Intervention scheme in Niger state PHCs ends nurse-patient rift and improves service delivery
Many primary health centres in Nigeria are famed for poor service delivery but a public-private partnership scheme in Niger State is reversing the trend, according to PUNCH.
They had dreaded meeting nurses at the Senator Idris Ibrahim Kuta Memorial Primary Health Care Centre on Old Airport Road in Chanchaga, Minna, Niger State, before. Now they look forward to it. Like erring individuals appearing before a cranky panel, their hearts raced every time they visited the facility.
Until recently, the couple’s frequent visits to the health center were discouraged by the attitude of the majority of the health workers.
After an antenatal appointment in July 2020, Rasheedatu noticed that the world had changed. Upon leaving, she was astonished at how warmly the health care workers welcomed her and was eager to tell her husband.
Expectedly, Aliyu was amazed by his wife’s account and couldn’t wait to join her on the next appointment a month later to see things himself. He was impressed last August. Nurses who used to fume at any slight provocation had suddenly become friendly.
“We have a changed primary health centre now,” 31-year-old Aliyu said in an encounter with our correspondent at the hospital in June 2021. “Their service is nice and the workers are now friendly, they don’t shout at patients again.”
The couple had visited the hospital that Wednesday to vaccinate their six-month-old baby. Unlike their moody departure three years ago when they brought their first child for the same exercise, they radiated excitement.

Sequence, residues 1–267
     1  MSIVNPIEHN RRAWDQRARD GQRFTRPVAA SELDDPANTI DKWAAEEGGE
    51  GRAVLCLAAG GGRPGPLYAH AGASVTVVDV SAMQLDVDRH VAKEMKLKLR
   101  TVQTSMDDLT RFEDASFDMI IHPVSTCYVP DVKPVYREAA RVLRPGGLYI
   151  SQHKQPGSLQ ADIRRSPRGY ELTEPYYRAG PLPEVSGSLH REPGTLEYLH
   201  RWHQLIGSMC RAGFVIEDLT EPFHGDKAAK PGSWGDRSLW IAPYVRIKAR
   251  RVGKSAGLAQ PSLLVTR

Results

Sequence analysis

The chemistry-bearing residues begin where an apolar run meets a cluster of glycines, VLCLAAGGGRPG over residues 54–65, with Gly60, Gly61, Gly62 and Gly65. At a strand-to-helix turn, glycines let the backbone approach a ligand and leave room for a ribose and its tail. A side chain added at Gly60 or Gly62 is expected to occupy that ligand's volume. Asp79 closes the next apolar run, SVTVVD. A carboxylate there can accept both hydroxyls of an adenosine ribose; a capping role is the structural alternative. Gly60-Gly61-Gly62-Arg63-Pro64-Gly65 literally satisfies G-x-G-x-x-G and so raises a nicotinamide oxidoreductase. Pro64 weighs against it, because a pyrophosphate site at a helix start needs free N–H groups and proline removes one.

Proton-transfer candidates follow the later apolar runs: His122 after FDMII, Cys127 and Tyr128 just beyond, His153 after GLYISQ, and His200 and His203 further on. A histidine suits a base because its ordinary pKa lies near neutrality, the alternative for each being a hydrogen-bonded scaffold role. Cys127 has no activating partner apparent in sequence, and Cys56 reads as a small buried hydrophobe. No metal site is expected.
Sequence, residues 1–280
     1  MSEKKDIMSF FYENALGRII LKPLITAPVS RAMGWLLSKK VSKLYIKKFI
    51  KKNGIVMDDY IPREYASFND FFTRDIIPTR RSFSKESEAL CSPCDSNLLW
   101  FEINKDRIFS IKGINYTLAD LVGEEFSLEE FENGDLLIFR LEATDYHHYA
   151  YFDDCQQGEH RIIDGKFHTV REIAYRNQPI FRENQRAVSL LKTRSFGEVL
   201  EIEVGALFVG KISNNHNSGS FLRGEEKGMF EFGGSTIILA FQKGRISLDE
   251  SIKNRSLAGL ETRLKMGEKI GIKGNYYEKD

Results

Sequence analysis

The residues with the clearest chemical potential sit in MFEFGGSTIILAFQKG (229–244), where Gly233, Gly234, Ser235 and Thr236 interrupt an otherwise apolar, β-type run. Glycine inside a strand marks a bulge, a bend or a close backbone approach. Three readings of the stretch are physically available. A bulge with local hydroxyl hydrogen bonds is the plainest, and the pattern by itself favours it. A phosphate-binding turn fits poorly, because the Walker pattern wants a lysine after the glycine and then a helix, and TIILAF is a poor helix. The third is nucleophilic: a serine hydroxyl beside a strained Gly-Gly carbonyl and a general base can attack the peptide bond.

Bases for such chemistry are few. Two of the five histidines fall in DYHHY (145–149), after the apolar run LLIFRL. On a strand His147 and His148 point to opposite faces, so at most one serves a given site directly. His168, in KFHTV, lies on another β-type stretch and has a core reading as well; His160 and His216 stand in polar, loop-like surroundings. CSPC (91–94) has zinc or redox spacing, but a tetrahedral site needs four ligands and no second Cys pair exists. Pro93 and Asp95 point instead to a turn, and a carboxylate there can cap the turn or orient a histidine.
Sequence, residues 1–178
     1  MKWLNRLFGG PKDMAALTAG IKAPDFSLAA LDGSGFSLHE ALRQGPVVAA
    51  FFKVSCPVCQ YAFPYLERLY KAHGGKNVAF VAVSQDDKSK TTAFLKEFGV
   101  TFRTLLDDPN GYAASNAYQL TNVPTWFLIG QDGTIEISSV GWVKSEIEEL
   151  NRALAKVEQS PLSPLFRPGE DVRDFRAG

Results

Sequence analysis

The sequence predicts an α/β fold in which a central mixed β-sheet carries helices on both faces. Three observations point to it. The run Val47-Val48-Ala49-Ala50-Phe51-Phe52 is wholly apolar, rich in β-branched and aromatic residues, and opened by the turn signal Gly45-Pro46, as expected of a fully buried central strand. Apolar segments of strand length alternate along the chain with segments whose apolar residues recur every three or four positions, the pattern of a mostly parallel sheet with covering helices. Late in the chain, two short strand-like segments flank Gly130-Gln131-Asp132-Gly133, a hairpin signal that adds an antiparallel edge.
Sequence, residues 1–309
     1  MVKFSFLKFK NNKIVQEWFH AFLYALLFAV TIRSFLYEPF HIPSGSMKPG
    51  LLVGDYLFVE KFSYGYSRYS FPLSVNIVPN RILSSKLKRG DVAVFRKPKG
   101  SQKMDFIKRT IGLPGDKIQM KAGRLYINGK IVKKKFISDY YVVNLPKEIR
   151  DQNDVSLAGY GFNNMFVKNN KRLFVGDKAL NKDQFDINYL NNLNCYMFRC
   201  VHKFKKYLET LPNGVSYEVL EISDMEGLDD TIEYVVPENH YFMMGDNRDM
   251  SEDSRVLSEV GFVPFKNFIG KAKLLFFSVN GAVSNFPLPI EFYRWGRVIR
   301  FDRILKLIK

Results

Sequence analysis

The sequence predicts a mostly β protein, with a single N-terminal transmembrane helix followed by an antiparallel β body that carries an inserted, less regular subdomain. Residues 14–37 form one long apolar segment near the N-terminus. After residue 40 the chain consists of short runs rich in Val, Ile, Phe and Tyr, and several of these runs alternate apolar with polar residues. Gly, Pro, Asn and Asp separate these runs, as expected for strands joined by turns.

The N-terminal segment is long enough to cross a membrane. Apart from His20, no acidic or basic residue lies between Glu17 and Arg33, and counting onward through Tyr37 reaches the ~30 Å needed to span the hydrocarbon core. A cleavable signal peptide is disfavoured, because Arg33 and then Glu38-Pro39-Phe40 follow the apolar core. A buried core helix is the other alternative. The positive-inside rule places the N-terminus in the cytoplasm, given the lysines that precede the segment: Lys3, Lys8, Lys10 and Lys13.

“I have been using this hospital for about six years and I gave birth to my first child here,” Rasheedatu said. “It was last year when I came for antenatal that I noticed an improvement in their services and the way they relate with people,” she added gaily.
Nigeria’s public health system and challenges
Nigeria created the National Basic Health Services Scheme to provide PHC services throughout the country in accordance with the Alma-Ata Declaration of 1978, which, among other things, identified primary health care as an integral service that should be universally accessible to individuals and families at an affordable cost.
According to the declaration, the PHC model was adopted in 52 local government areas in 1985 by the then Minister of Health, Prof. Olikoye Ransome-Kuti, and by 1990, it had been expanded to all local government areas. Nigeria launched its first comprehensive national health policy based on PHC in 1988.